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What to do if you spot an injured or sick red squirrel

If you are worried about a red squirrel's welfare, including abandoned kits, please contact the Scottish SPCA on 03000 999 999.  They are best placed to offer expert advice and will be able to collect the squirrel for vetinary attention and rehabilitation if deemed necessary.

However, if you suspect a red squirrel may be suffering from squirrelpox please contact us (the form below) in addition to informing SSPCA. Please send us a photograph of the squirrel if possible.

What to do if you find a dead red squirrel

If you find a dead red squirrel that looks obviously diseased, please contact us so that follow-up action to protect local red squirrels can be taken if necessary.

It is likely that we would wish to sent the carcass for post mortem in order to identify or eliminate Squirrelpox virus as the cause of disease (see below for a description).

Although we are not aware of diseases transerring from red squirrels to humans it is important to follow normal hygiene precautions. Use disposable gloves or put your hand in a polythese bag to avoind handling the animal directly.

We also request that any other dead red squirrels you find are sent for post mortem, even if it is clearly a road victim that looks otherwise healthy. Our colleagues at the Royal (Dick) School of Vetinary Studies are carrying out a long-term health study of Scotland's wild red squirrels and these specimens are a valuable contribution to that work. Click HERE for more information.

Squirrelpox

Diseases suffered by red squirrels

Red squirrel populations have seriously declined. The greatest threat is the invasive non-native grey squirrel. Not only do they out-compete the reds, they carry disease which can kill the reds. Find out more below...

What is squirrelpox and what can be done about it?

Squirrelpox virus (SQPV) is carried by grey squirrels without causing them any symptoms, but causes fatal disease in reds. It produces weeping scabs around the eyes, nose, mouth, ears, feet and genitalia. The infected red squirrel is very quickly unable to feed properly, and rapidly becomes unwell. Squirrelpox is usually lethal in red squirrels within about 15 days of infection.
 

The virus is already established in south Scotland and is spreading northwards. It is likely that it will eventually spread through grey squirrel populations further north into the Central Belt and as far as the Highland line.


There is currently no evidence to suggest that reds in Scotland have developed any immunity. A study in Lancashire suggested that up to 8% of infected reds may survive, by producing protective antibodies, but with such a low survival rate, the vacated habitat will be rapidly colonised by greys, effectively preventing the reds from recovering from the disease outbreak.


A vaccine is currently in development, but for the time being the best way to protect Scotland's red squirrels from SQPV is to use targeted and coordinated grey squirrel control in carefully chosen areas.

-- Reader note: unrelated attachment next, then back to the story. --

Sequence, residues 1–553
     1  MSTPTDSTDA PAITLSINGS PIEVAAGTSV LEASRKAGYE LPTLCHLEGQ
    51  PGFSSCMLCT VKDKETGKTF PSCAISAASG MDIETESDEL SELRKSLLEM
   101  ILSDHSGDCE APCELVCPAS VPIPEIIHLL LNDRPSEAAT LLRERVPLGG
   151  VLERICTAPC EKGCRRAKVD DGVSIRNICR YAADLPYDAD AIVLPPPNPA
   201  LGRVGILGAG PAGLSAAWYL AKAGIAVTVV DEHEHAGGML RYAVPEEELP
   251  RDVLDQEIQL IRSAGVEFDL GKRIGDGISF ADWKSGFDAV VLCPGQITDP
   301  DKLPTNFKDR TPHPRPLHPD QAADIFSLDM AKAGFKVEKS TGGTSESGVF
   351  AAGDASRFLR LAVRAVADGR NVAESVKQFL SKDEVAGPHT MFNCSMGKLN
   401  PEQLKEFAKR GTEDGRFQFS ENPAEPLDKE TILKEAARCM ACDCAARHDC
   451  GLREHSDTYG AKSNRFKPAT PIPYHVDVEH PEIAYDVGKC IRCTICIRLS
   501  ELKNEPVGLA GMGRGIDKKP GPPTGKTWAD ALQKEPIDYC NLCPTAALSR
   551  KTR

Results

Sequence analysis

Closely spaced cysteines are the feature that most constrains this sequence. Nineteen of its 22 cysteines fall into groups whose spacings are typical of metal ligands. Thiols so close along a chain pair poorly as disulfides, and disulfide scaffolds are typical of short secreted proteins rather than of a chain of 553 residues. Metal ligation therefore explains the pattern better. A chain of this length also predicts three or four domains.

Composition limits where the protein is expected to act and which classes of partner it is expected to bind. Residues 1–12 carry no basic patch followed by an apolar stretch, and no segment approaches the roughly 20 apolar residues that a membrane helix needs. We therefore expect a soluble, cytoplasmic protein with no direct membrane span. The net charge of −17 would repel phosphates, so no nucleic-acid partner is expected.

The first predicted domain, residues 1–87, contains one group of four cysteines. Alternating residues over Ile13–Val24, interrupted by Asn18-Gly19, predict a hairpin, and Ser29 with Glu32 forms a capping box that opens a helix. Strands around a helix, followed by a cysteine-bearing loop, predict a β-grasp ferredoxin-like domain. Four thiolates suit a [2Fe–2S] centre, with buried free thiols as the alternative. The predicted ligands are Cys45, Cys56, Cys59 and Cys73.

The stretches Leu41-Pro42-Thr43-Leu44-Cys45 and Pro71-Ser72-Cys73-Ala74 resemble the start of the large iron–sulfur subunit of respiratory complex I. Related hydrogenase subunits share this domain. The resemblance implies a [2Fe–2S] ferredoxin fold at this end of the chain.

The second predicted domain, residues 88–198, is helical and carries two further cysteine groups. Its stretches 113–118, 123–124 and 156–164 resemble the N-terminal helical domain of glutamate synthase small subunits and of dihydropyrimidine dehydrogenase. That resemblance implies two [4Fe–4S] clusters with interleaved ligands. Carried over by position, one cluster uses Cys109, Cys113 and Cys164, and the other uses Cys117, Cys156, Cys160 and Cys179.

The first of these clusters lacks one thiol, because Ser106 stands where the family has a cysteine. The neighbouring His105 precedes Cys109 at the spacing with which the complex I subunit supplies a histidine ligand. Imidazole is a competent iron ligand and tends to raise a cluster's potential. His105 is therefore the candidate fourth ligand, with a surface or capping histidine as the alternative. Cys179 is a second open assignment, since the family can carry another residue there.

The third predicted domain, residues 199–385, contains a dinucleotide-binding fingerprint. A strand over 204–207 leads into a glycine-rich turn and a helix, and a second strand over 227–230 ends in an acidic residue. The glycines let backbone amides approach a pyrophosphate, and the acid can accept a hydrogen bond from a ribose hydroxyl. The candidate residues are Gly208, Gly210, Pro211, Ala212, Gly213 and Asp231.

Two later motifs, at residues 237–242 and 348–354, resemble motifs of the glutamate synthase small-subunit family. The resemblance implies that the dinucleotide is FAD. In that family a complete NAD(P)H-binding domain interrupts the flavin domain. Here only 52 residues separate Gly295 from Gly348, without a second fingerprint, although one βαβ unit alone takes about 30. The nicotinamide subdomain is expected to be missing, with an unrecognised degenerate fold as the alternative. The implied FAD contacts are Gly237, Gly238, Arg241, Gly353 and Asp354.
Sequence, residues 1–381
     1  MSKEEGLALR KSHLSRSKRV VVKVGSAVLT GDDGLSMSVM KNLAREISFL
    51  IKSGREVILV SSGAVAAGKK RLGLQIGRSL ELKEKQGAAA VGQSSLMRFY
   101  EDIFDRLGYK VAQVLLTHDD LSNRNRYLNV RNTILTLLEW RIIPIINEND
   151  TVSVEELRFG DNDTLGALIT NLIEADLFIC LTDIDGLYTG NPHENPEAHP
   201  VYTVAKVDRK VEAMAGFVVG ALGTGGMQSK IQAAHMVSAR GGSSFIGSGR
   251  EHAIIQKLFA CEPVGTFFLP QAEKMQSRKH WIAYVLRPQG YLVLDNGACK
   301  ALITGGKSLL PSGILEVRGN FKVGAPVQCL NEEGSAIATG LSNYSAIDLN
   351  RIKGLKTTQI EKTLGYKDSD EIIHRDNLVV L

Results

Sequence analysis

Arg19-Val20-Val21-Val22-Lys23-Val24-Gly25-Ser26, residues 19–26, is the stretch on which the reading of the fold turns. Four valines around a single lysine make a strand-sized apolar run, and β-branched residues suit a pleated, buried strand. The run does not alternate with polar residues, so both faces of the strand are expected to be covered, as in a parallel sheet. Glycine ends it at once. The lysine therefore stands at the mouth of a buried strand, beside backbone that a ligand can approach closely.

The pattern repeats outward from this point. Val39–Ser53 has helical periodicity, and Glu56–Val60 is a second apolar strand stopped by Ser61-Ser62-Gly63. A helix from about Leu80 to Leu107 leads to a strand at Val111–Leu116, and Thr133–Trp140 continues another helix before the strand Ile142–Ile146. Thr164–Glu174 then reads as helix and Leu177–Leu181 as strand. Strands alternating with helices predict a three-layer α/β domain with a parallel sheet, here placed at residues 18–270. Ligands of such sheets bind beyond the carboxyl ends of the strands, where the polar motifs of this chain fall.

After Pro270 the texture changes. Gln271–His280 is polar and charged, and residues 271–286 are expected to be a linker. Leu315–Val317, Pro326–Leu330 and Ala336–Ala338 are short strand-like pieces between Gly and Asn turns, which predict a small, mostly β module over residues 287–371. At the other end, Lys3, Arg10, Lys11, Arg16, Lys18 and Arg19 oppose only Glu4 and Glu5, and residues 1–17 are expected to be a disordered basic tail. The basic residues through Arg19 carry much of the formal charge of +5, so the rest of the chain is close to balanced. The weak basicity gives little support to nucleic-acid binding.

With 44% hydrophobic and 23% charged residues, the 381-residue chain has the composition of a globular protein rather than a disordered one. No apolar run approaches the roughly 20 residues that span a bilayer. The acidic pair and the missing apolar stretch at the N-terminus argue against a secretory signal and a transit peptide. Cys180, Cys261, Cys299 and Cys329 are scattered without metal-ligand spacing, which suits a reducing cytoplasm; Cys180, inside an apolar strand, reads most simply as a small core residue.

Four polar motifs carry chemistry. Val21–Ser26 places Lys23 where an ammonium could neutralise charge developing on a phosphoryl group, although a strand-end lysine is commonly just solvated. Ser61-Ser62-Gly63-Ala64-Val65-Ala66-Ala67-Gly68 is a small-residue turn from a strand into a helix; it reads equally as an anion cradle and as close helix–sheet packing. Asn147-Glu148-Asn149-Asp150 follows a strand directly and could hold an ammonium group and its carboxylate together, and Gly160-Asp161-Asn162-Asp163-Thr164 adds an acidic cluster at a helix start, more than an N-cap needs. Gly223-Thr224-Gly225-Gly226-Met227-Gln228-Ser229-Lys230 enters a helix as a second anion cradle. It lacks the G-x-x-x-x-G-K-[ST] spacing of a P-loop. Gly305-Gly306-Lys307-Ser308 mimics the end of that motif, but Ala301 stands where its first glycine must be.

You can help prevent the spread of SQPV and other infections by ensuring wildlife feeding stations are regularly disinfected, by removing feeders visited by both red and grey squirrels.

What is red squirrel leprosy?

Over the years Saving Scotland's Red Squirrels have had a number of queries accompanied by photographs of red squirrels with distinctive skin disease. In 2005 the Royal (Dick) School of Vetinary Studies in Edinburgh found the organism causing the disease was similar to Mycobacterium lepromatosis, a bacterium that causes leprosy in humans.

The disease is unmistakable: there is gross swelling and loss of hair around the snout, lips, eyelids, ears, genitalia and sometimes feet and lower limbs. The bare skin has a "shiny" appearance. The squirrel is usually in generally poor body condition and may have a heavy burden of parasites like fleas, ticks and mites.

 

We do not believe that leprosy is sufficiently common to pose a serious threat to the survival of red squirrels in Scotland. SQPV is a much more potent threat.

 

The risk to people from squirrel leprosy is negligible. Leprosy cannot survive outside the body and evidence suggests that 95% of humans are naturally unable to contract leprosy, even when exposed to the bacteria. 

What laws relate to squirrels in Scotland?

The Animal Health and Welfare (Scotland) Act 2006 provides for duty of care for animals in captivity (live-trapped animals). This makes it an offence to inflict, or allow others to inflict, cruelty or abuse on a grey squirrel held captive.

The Wildlife & Countryside Act 1981 (as amended) makes it illegal to release, or allow to escape to the wild, any captive grey squirrel.

The Prohibition of Importing and Keeping Order 1937 makes it an offence to keep a grey squirrel in captivity except under licence.

The Grey Squirrels (Warfarin) Order 1973 does not allow the use of warfarin on grey squirrels for the purpose of tree protection in Scotland.

This is not a definitive guide to the legislation and you should refer to the original legislation if you need more details (hit the underlined links for each item of legislation (above)).

IMPORTANT

Do not attempt to trap or destroy grey squirrels without seeking advice first. If you are resident in our project area, we can put you in touch with your local Red Squirrel Conservation Officer who can offer you free advice and training on how to help control grey squirrels in a way that is legal, safe and humane. Please contact us for help.

 

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Help protect our precious

Red squirrels

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